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49ers report card: Grades for offense, defense in Week 1 loss to Bears

CHICAGO – The natural grass at Soldier Field has widely been known for years as a poor surface in inclement weather.

However, when the weather turned bad on Sunday, the newly rolled-out Bermuda grass held up a lot better than the 49ers in the regular-season opener.

The 49ers got washed away in a 19-10 loss to the Bears in a game that featured costly penalties, turnovers and just plain sloppiness.

Defensive end Nick Bosa described the team’s inability to come away with a victory as “annoying.” There are plenty of other ways to sum it up.

And here are the grades that capture their rough Week 1 performance:

Rushing offense

The 49ers figured to lean heavily on their running game, and that’s what they did. San Francisco pounded the Bears on the ground in the first half with 115 yards and a 6.4-yard average. Elijah Mitchell exited in the first half with a knee injury.

Wide receiver Deebo Samuel scored the first touchdown of the game on a 6-yard run.

But he also made the first costly mistake of the game when he fumbled on a running play in the second quarter when the 49ers moved the ball to the Chicago 12-yard line.

The 49ers found the yards a lot more difficult to achieve in the second half but still finished with 176 yards rushing and a 4.8 average.

Quarterback Trey Lance was the 49ers’ leading rusher with 54 yards, while Samuel gained 52 yards.

Grade: B-minus

Passing offense

Lance, making his first start after officially taking over for Jimmy Garoppolo, had an up-and-down game. He opened his press conference with a listing of the mistakes he made, including an overthrow of tight end Tyler Kroft on what should have been an early touchdown.

When the 49ers were playing from behind in the fourth quarter, Lance did not see Bears safety Eddie Jackson. That interception gave the Bears a short field that was used to tack on a touchdown for a nine-point lead.

The elements played a part in this game. Lance completed 13 of 28 passes for 164 yards. But Lance took full responsibility.

Jauan Jennings was the team’s leading receiver with four catches for 64 yards. Brandon Aiyuk caught two passes for 40 yards, and Lance hooked up only twice with Samuel (on eight attempts) for 14 yards.

Grade: D-minus

Rushing defense

The 49ers’ run defense was solid from start to finish. Chicago running back David Montgomery had a particularly difficult time finding any room to run. He was held to just 26 yards on 17 rushing attempts.

The Bears gained 99 yards on 37 rushing attempts. Khalil Herbert averaged 5.0 yards per attempt and gave Chicago a nine-point lead with a 3-yard touchdown run midway through the fourth quarter.

The 49ers had six tackles for loss, including two from strong safety Talanoa Hufanga. He had a team-high 11 tackles, and linebacker Fred Warner added six tackles.

But the 49ers also had some mistakes as part of their run defense. Dre Greenlaw was called for two penalties: unnecessary roughness and face mask. Both calls were questionable.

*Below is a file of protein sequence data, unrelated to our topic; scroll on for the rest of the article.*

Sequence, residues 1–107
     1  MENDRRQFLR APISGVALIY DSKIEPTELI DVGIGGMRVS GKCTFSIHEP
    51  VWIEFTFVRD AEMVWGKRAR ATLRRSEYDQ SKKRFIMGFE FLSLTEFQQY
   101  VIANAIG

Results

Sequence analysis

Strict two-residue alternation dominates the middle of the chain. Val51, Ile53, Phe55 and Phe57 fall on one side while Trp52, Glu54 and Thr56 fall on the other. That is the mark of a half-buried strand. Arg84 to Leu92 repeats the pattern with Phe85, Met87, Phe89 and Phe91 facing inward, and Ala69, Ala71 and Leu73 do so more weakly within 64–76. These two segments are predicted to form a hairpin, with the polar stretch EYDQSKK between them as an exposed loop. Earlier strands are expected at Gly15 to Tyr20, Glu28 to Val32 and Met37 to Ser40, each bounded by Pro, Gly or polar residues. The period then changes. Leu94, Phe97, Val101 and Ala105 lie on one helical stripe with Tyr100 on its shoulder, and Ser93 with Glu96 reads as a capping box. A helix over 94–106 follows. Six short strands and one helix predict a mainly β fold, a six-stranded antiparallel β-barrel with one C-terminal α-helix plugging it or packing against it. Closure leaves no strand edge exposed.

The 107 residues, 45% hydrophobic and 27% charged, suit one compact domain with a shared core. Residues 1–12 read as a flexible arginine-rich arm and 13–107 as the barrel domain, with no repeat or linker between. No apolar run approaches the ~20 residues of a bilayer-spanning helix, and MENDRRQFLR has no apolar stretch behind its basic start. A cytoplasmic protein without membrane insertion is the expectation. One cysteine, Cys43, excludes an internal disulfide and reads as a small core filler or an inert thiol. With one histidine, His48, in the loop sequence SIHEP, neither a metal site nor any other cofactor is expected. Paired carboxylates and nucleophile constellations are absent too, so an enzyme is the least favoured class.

But there was no question about a mistake from Azeez Al-Shair, who delivered a late hit on a sliding Justin Fields for a 15-yarder.

Grade: B-plus

Passing defense

The 49ers allowed just 19 net passing yards in the first half. That included sacks from Samson Ebukam and Nick Bosa, as well as Hufanga’s interception.

But one play completely changed the momentum of this game.

The 49ers had a seemingly comfortable 10-0 lead in the third quarter when Fields avoided the rush of Arik Armstead, moved left, then threw back across the field to uncovered Dante Pettis on the right side. The 49ers’ secondary did not do a great job of pursuing Pettis, who turned it into a 51-yard touchdown.

That play wiped out a lot of the good things the 49ers did in this game. It gave the Bears momentum.

Fields finished the game with just eight completions on 17 attempts for 121 yards with two touchdowns and one interception.

Grade: B-minus

Special teams

Punter Mitch Wishnowsky had a solid game with a net average of 40.3 yards and three kicks inside the 20-yard line on his four attempts. Tarvarius Moore made a nice play when he ran down on punt coverage and dropped Pettis for a minus-3-yard return.

Robbie Gould handled the kickoff chores, as the Bears opened those drives at their own 23-, 25- and 28-yard lines. Gould also made a 25-yard field goal and an extra point.

Grade: B

Coaching

If we’re blaming penalties and miscellaneous miscues on the coaching, then this is a failing grade. And, certainly, the coaching has to absorb its share of blame for the product the 49ers put out on the field.

There was immediate second-guessing of coach Kyle Shanahan’s decision to challenge a pass completion that was just a 4-yard gain on first and 10. However, the down-and-distance game might have contributed to Fields’ interception on third down.

The 49ers did not cash in with any points.

Things just seemed sloppy all the way around, so there is plenty to clean up as the 49ers get back to work for their Week 2 game against the Seattle Seahawks.

Grade: D

RELATED: NFL Twitter reacts to Lance pick vs. Bears with Jimmy G memes

Overall

Clearly, this was a game the 49ers should have won. But they let too many scoring opportunities get away from them. The next thing anyone knew, the Bears stayed right there – just one big play away from a dramatic shift in momentum.

It’s much too early to get too worked up about this kind of performance. But it was also a horrible way for a team with Super Bowl aspirations to open the season.

You might have noticed we did not give a failing grade to any one, specific unit of the team. But the overall grade is a big, fat flunk.

Grade: F

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